But many consumers know better. In fact, one of the top bottled water brands, Coca-Cola Co.'s Dasani, fills its bottles with water from East Bay Municipal Utility District - the very same water that comes out of the tap in Danville and Alamo.
"What they tell us … is that they put it through extra filtration and that that extra filtration makes it even better than EBMUD water," said EBMUD lobbyist Randy Kanouse. "And they may be right."
Or they may not be, suggested a study published this month by the Environmental Working Group, a public health advocacy organization. Its authors tested 10 top brands of bottled water in several states including California, and found 38 different contaminants in the water, such as bacteria and caffeine.
"Americans cannot take the quality of bottled water for granted," the study concluded. "Indeed, test results like those presented in this study may give many Americans reason enough to reconsider their habit of purchasing bottled water and turn back to the tap."
Yet while a growing number of consumers are sticking to the tap, many believe that bottled water tastes better, is purer, and is safer than water from the kitchen faucet. And they're willing to pay the price.
To get EBMUD tap water in their homes, the average family pays around $3 per 1,000 gallons of water. Dasani pays EBMUD a similar rate. Compare that to bottled water, which costs consumers roughly $7.50 for one gallon's worth, depending on whether the bottles are purchased in bulk or individually.
That means the water inside a $1 plastic bottle actually only costs about three-tenths of a penny, noted EBMUD director John Coleman.
"People complain about gas being $3.50 a gallon and they're willing to pay $7.50 a gallon for bottled water," he said. "That's absurd when they can get the same quality from their tap."
Is it the fancy names and pristine images on the labels making people willing to shell out the extra dough? Or is there actually a difference in the water?
Bottled vs. tap
Tap water and bottled water both have to meet requirements to assure they're safe to drink. But they are each held to different regulatory standards.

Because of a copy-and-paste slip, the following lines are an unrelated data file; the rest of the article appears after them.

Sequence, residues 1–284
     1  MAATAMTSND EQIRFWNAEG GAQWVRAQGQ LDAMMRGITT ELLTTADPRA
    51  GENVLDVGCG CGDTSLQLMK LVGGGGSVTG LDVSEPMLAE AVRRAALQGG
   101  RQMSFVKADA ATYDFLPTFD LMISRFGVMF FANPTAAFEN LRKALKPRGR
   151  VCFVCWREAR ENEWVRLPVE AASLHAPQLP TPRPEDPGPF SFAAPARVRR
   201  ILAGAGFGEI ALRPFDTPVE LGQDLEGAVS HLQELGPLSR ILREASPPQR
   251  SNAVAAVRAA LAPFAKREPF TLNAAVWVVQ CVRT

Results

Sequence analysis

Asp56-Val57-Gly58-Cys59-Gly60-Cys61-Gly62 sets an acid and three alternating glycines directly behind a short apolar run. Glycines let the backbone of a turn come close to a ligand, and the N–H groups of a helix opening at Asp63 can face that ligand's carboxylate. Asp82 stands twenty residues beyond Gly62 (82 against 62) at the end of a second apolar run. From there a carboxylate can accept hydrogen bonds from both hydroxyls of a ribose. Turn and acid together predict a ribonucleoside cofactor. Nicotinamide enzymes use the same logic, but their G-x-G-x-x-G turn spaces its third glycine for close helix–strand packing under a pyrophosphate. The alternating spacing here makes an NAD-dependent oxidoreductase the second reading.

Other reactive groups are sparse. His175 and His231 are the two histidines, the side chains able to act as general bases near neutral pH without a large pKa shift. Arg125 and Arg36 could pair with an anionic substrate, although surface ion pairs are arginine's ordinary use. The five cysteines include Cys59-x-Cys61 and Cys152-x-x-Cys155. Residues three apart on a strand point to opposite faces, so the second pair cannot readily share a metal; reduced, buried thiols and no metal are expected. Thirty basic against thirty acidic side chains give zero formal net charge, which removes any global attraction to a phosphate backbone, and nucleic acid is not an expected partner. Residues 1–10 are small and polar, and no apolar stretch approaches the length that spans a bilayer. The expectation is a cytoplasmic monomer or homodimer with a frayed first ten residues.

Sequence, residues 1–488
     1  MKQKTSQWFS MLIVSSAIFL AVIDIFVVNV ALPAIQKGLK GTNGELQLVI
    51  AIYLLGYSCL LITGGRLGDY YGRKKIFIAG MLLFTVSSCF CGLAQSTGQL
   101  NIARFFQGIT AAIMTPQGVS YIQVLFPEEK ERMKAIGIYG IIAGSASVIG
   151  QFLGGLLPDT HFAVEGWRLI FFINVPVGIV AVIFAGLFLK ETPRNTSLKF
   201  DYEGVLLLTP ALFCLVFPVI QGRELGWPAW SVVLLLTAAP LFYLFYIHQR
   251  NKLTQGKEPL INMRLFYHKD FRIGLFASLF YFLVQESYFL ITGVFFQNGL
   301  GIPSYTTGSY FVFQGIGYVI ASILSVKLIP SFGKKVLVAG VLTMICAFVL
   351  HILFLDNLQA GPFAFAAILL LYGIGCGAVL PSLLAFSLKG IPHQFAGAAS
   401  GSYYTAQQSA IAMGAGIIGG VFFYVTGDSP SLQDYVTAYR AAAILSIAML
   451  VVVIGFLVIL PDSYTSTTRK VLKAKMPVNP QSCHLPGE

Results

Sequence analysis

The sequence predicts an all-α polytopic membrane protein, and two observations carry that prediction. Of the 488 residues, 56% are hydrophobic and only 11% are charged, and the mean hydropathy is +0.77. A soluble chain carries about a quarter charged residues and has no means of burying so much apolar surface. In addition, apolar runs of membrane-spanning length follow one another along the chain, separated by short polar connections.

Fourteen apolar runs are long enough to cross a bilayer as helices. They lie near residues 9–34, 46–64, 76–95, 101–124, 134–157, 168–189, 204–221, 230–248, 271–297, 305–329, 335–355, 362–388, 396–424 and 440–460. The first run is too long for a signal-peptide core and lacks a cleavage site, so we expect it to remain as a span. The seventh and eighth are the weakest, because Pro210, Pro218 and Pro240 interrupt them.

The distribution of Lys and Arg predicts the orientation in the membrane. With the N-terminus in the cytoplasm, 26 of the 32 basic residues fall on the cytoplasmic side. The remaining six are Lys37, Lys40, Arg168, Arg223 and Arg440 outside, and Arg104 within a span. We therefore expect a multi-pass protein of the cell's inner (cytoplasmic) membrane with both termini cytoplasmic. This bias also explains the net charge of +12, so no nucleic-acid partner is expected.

Tap water is considered part of the public domain and thus is regulated by the state Department of Public Health as well as the Environmental Protection Agency. Bottled water, considered a food product, is regulated by the Food and Drug Administration.
"Requirements on the state and federal levels for tap water are higher than for bottled water. They don't have to meet the stringent requirements that we have to meet," said Coleman. "You cannot buy a bottled water that's going to be more healthy for you than our tap water."
Indeed, Danville area residents are fortunate: EBMUD water exceeds standards and is considered one of the highest quality municipal waters in the country.
Dasani, too, takes pride in the quality of its product.
"We do use municipal water to bottle Dasani," said company spokesman Ray Crockett. "I do know that the FDA has fairly rigorous requirements for what they call purified water."
To meet those requirements, the municipal water goes through the company's filtration process. The water is first filtered for sand, carbon or other microns, and again for any residual odors or tastes, according to the Dasani Web site. It then goes through a reverse osmosis process - a high pressure, molecular level filtration.
After that, certain minerals, like salt, are added back in for taste. And finally, the water is ozonated, a disinfection step to prevent any future contamination.
Tap water advocates point out that while municipal water has to make public the results of its regulation tests and report any violations of standards to the Department of Public Health, bottled water companies are not required to do this.
"They (consumers) just assume that because it's in a store it must be healthy and safe," Coleman said.
People may also assume, water is water - it's all the same. "It isn't, you know, it really isn't," said Kanouse. "There are so many Californians who have come to recognize that water is so important, and we consume so much of it, and we feed our children water. We should know what's in it."
What's in your water?
Substances such as lead, iron, mercury, sulfate, bacteria, caffeine, fertilizer and plastic-making chemicals can be in the water we drink. Depending on the source of the water, different contaminants can be found.
For example, water taken from the Delta will require more filtration than water from the Sierra. The pipe the water travels in makes a difference as well; if you can isolate the water from fertilizers, pesticides, sewage plants, etc., it will be cleaner, Kanouse said.
"There are a lot of things in the water that are scary," said Shannon Williams, a certified nutrition consultant in Danville. "I do suggest to clients that they go with filtered water. Because, yes, tap water does have a lot of contaminants in it, and it's those unseen, unsafe contaminants that we need to be wary of."